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Title: The film multiple : technologies, sites, practices
Author: Charitou, Stefania
Awarding Body: Goldsmiths College (University of London)
Current Institution: Goldsmiths College (University of London)
Date of Award: 2013
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Abstract:
This thesis examines the shifting conditions of the material and technological properties of the object of film and subsequently of the idea of cinema, in the light of the transition from analogue to digital technologies. I suggest that this technological transition has ontological dimensions, which I examine by looking at spaces and places that encompass this transition, materially and conceptually. The study argues that the nature of film and cinema is multiple, in continuous states of ‘becoming’. The anchor of this study is post-Actor Network theorist Annemarie Mol’s philosophical argument that objects ‘come into being’ according to the practices and sites in which they are placed. The thesis examines situated practice-based interactions between the two technologies, which shape relationships of power, replacement, exchange and collaboration. I explore those issues at four specific institutional sites: the gallery, focusing on three moving image exhibitions in London, the British Film Institute’s Archive in Berkhamsted, LUX, the UK agency of artists’ moving image distribution and collection, and the movie theatre’s projection room that gradually displays only digital films. This survey examines the situated practices of presentation, exhibition, print checking, archiving, restoration and theatrical projection of film. The aim of this study is to present a multiple object and a multiple idea that is defined not merely by technology, but rather by sites and in particular their operational practices, objectives and organization. By evaluating how analogue and digital technologies interplay in these sites, the study aims to highlight issues of film’s and cinema’s multiplicity that unfolds and shifts both in space and time. The investigated practices evolve in electronic spaces, physical sites and particular locations. Furthermore, they expose different temporalities for analogue and digital film and indicate cinema’s virtual nature to be transcending in time. The situated practices unite and divide the analogue and digital technologies, exposing a manipulative relationship between tangible space, formed by the mechanical apparatus of projection and network space, marked by the digital’s temporal and spatial ubiquity. At the same time, cinema is actualized in measurable time, while its phenomenon is formulated in the continuous movement and differentiation of duration.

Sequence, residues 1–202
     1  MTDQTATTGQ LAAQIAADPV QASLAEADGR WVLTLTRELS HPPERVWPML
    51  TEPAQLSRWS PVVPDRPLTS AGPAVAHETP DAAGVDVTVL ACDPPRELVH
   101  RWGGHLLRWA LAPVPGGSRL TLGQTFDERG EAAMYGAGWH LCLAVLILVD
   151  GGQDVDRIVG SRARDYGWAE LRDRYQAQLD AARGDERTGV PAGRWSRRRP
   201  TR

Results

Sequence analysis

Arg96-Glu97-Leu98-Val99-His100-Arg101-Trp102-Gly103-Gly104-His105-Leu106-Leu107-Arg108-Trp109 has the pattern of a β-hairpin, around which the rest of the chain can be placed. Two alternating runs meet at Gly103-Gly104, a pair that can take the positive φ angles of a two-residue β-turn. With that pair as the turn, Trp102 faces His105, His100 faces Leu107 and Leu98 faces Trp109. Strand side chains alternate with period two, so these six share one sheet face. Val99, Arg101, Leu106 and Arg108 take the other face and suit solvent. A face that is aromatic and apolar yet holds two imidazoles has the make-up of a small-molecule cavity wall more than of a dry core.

Supervisor: Not available Sponsor: Not available
Qualification Name: Thesis (Ph.D.) Qualification Level: Doctoral
EThOS ID: uk.bl.ethos.586874  DOI: Not available
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